Arthur D. Little reflects on key role it played in Apollo 11 Mission
July 2019

Over 80 Arthur D. Little staff involved in Laser Ranging Retro-Reflector experiment which remains active and functioning to this day

At this significant moment in time, Arthur D. Little (ADL) remembers the role a team of over 80 ADL staff members played in the Apollo 11 Mission 50 years ago on July 20, 1969. As many people know, a number of scientific experiments were set up during the First Moon Landing, and left on site as the astronauts went back home in their lunar module. Today, only one experiment from the Apollo 11 landing remains active and functioning – the Laser Ranging Retro-Reflector (LRRR) experiment, which ADL played a key role in developing.

The original objective of the LRRR was to obtain precise earth-moon distances. This was done by measuring the time required for a laser pulse to make a round trip between a moon-based retro-reflector array and an earth-based laser telescope installation.  The hope was that this precise monitoring of earth-moon distances would enable an improved understanding of the physics of the earth and the moon. Today, the LRRR is still active and functioning and the conscientious efforts of the ADL team, who participated in the analyzes, designs, fabrications, assembly and tests of the LRRR Array, were essential to meeting the program objectives.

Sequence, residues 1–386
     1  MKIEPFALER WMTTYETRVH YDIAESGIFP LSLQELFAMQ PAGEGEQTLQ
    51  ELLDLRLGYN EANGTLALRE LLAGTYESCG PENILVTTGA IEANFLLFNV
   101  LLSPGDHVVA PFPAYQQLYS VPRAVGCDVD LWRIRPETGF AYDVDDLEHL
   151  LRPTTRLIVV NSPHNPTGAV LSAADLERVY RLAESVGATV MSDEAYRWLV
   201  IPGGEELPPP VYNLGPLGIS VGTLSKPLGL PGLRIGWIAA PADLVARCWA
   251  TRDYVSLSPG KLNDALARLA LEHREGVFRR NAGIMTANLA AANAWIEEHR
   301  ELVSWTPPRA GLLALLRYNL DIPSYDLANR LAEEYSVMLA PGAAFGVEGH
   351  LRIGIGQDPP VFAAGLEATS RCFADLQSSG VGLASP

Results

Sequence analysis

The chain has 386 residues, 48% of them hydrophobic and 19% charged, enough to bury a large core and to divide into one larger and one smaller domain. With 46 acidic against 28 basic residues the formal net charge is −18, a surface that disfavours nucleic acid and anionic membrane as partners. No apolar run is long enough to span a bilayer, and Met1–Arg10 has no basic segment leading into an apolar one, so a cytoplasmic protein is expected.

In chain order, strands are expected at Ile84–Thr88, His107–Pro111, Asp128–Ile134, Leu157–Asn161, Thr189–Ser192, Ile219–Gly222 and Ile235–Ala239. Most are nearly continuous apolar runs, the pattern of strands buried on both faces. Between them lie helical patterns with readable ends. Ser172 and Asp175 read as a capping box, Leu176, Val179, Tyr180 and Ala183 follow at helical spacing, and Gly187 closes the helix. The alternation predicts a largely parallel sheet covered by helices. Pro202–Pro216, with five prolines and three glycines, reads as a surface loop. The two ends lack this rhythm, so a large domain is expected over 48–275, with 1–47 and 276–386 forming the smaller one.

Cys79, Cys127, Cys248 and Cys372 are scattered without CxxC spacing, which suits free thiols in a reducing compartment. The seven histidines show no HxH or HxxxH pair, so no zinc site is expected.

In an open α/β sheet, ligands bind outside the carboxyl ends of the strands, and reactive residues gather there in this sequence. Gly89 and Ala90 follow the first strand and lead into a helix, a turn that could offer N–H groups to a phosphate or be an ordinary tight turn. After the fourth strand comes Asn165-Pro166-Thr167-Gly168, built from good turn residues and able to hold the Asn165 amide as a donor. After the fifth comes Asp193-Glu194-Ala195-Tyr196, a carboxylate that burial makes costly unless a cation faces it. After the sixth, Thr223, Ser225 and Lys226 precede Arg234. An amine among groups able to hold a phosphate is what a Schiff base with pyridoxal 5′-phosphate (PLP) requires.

Ignacio García Alves, Chairman and Chief Executive Officer at Arthur D. Little comments: “For more than 130 years, the Arthur D. Little name has been synonymous with technological ingenuity and innovative thinking. Apollo 11’s landing on the moon was a historical moment, turning the unimagined into reality. We are extremely proud to have been a part of the team to develop the LRRR and we congratulate NASA on this momentous anniversary. In the words of our Founder, Arthur Dehon Little, ‘Who says it can’t be done?’” 

In addition to working on the LRRR, ADL also partnered with NASA in the 1960’s to work on the ‘Heat Flow Experiment’ which measured temperature gradients on lunar surfaces as a function of time and soil thermal conductivity; and helped develop innovations for astronaut protection including durable lubricant and insulation for space suits and anti-meteoroid bumpers on space probes.

To find out more about Arthur D. Little’s Laser Ranging Retro-Reflector (LRRR) experiment, you can read the full report here: https://tmurphy.physics.ucsd.edu/apollo/doc/ADL.pdf